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Elife. 2017 Jul 11;6. pii: e26938. doi: 10.7554/eLife.26938.

A broadly distributed toxin family mediates contact-dependent antagonism between gram-positive bacteria.

Author information

1
Department of Microbiology, University of Washington School of Medicine, Seattle, United States.
2
Centre for Bacterial Cell Biology, Institute for Cell and Molecular Biosciences, Newcastle University, Newcastle, United Kingdom.
3
Department of Genome Sciences, University of Washington, Seattle, United States.
4
Michael DeGroote Institute for Infectious Disease Research, McMaster University, Hamilton, Canada.
5
Department of Biochemistry and Biomedical Sciences, McMaster University, Hamilton, Canada.
6
Experimental Systems Group, Advanced Light Source, Berkeley, United States.
7
Northwestern Proteomics Core Facility, Northwestern University, Chicago, United States.
8
Department of Medicine, Farncombe Family Digestive Health Research Institute, McMaster University, Hamilton, Canada.
9
Department of Computer Science and Engineering, University of Washington, Seattle, United States.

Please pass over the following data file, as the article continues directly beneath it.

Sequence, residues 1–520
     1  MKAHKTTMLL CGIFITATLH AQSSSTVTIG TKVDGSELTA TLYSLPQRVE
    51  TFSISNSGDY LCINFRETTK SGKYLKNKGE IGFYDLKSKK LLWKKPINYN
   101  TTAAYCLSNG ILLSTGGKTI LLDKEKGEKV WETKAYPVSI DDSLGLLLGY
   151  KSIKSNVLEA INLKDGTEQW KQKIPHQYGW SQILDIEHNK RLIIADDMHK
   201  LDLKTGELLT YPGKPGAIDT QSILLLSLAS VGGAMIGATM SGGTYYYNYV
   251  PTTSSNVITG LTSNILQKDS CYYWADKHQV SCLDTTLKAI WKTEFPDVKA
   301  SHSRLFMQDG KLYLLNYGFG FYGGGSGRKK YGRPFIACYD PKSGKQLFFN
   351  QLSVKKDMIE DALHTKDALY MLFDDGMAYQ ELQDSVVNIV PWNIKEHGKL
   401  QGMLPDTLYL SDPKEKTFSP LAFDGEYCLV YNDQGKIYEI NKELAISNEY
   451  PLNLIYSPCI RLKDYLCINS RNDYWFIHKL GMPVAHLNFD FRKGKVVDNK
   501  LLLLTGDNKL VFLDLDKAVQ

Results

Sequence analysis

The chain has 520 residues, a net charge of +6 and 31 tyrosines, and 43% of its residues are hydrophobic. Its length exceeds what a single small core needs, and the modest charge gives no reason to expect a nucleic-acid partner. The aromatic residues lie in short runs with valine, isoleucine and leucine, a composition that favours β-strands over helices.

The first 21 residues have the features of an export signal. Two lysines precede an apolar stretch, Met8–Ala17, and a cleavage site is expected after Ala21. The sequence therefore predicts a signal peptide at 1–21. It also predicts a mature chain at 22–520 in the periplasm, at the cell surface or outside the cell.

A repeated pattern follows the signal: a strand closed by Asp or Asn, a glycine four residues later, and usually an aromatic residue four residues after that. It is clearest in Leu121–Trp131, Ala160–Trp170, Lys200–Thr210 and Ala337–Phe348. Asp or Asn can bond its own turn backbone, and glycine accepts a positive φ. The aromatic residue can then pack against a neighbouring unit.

10
Santa Fe Institute, Santa Fe, United States.
11
Howard Hughes Medical Institute, University of Washington School of Medicine, Seattle, United States.

Abstract

The Firmicutes are a phylum of bacteria that dominate numerous polymicrobial habitats of importance to human health and industry. Although these communities are often densely colonized, a broadly distributed contact-dependent mechanism of interbacterial antagonism utilized by Firmicutes has not been elucidated. Here we show that proteins belonging to the LXG polymorphic toxin family present in Streptococcus intermedius mediate cell contact- and Esx secretion pathway-dependent growth inhibition of diverse Firmicute species. The structure of one such toxin revealed a previously unobserved protein fold that we demonstrate directs the degradation of a uniquely bacterial molecule required for cell wall biosynthesis, lipid II. Consistent with our functional data linking LXG toxins to interbacterial interactions in S. intermedius, we show that LXG genes are prevalent in the human gut microbiome, a polymicrobial community dominated by Firmicutes. We speculate that interbacterial antagonism mediated by LXG toxins plays a critical role in shaping Firmicute-rich bacterial communities.

KEYWORDS:

Firmicute; infectious disease; microbiology; polymorphic; type VII secretion

PMID:
28696203
PMCID:
PMC5555719
DOI:
10.7554/eLife.26938
[Indexed for MEDLINE]
Free PMC Article

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